Trade Union Rights Under Assault, ITUC Survey says

June 7, 2012, 12:00 PM EST

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An annual survey of trade union rights around the world shows that 2011 was a dangerous time for many trade unionists who faced dismissal, arrest, imprisonment and even death.

On June 6 The International Trade Union Confederation (ITUC) released its annual survey of violations of trade union rights in 143 countries.

"Colombia is once again the most dangerous country in the world for trade unionists," states the ITUC in a release. "Of the 76 people murdered for their trade union activities, not counting the workers killed during the Arab Spring, 29 lost their lives in Colombia. And in Guatemala yet again trade unionists paid a heavy price, with 10 assassinations committed with impunity. A further eight trade unionists were murdered in Asia."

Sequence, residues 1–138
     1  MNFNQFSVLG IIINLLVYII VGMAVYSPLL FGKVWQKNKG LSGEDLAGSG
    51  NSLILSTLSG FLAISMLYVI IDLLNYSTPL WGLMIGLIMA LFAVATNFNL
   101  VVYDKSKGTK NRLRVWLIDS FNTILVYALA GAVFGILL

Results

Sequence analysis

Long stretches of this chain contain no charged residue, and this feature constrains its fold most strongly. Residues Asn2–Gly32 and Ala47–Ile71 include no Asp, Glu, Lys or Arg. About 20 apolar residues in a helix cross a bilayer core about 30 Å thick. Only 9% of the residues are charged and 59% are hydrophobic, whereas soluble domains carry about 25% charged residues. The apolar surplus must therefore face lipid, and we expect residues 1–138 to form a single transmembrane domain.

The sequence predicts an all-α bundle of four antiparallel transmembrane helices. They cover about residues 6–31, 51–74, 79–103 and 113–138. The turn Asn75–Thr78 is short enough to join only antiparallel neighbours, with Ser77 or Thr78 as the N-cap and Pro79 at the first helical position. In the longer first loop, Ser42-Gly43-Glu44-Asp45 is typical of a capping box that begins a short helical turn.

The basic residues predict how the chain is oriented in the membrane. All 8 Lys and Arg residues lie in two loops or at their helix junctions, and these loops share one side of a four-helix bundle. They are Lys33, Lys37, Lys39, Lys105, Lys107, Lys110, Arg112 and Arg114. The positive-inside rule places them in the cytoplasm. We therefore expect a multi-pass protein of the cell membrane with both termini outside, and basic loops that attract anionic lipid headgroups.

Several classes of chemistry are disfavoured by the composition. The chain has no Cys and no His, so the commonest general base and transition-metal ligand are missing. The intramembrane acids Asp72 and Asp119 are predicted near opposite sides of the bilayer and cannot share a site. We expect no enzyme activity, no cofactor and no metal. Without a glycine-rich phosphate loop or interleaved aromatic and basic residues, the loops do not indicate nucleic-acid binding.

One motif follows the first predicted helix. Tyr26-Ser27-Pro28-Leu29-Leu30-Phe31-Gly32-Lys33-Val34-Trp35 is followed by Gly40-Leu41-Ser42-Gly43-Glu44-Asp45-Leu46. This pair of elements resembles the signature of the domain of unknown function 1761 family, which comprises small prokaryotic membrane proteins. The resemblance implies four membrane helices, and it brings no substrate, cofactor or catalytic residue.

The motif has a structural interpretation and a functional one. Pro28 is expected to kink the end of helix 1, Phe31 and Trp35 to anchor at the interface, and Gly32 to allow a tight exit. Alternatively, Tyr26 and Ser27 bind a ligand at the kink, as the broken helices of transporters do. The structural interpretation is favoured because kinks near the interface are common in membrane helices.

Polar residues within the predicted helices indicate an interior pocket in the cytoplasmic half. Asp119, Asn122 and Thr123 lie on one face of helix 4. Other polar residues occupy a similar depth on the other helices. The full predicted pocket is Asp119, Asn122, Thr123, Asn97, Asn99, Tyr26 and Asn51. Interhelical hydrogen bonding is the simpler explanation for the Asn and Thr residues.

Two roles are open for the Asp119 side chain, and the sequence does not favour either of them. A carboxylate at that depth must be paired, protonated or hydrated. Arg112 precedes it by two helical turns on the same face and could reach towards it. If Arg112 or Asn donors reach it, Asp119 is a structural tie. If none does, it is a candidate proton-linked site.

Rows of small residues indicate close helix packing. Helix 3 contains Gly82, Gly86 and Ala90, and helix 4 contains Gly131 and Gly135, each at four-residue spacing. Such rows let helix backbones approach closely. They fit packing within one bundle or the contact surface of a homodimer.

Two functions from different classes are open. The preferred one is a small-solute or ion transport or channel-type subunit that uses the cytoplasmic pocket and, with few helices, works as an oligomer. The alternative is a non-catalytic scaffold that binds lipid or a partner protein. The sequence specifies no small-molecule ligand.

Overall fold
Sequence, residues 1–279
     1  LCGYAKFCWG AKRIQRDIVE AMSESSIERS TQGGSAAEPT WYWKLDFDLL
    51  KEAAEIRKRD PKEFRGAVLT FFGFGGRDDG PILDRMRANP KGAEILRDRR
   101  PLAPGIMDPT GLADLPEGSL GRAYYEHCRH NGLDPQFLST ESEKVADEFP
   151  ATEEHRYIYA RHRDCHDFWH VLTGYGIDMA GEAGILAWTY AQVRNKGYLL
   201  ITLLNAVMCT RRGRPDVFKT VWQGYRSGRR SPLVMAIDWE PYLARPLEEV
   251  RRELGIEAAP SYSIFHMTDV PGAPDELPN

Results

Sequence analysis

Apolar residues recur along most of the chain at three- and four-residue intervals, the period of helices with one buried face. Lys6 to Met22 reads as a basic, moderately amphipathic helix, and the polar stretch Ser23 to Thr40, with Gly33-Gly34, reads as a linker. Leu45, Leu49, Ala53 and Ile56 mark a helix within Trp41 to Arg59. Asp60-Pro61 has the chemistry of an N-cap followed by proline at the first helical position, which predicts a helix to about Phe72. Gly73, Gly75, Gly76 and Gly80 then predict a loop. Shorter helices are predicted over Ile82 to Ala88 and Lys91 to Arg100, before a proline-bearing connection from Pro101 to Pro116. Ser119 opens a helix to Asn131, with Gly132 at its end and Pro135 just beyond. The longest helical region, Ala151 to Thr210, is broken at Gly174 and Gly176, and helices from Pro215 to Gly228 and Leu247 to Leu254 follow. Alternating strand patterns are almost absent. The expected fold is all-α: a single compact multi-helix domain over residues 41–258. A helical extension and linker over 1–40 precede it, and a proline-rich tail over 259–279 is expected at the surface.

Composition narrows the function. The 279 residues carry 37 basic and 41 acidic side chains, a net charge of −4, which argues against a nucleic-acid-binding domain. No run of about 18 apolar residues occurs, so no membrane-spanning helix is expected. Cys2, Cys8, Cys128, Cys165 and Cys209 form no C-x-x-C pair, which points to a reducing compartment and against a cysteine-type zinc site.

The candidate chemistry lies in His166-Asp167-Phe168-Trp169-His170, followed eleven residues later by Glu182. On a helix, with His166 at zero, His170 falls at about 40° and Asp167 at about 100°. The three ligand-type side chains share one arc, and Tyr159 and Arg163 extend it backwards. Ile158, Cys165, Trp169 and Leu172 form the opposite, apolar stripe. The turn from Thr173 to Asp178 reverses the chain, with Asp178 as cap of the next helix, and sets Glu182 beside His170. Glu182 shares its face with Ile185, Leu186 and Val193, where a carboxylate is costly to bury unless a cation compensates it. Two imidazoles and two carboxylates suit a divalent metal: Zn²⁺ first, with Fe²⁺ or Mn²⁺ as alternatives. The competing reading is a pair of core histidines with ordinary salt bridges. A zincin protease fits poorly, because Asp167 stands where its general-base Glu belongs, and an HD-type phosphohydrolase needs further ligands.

The increase in precarious forms of work has made it extremely difficult for trade union organizations to defend workers rights, particularly, for example, in countries such as South Africa, Bangladesh, Cambodia and Pakistan.

The survey said governments around the globe have generally persisted in favouring austerity measures over stimulating growth and employment, which means the world economic crisis continued to impact unfairly on workers.

"The consequences have been devastating, particularly for the young. Unemployment reached 205 million in 2011. In Spain, 40 per cent of young people are out of work while Greece has an unemployment rate of 21 per cent," the ITUC says.

The survey also outlines how strikes have been fiercely repressed in many countries including Georgia, Kenya, South Africa and Botswana, where 2800 workers were dismissed after a public sector strike. But it's not only the developing world where trade union rights come under attack.

"They are also under threat in many industrialized countries, including Canada, whose Conservative government has repeatedly sought to undermine union organizing and collective bargaining rights."

The ITUC represents 175 million workers in 153 countries and territories and has 308 national affiliates.

Read the complete survey at

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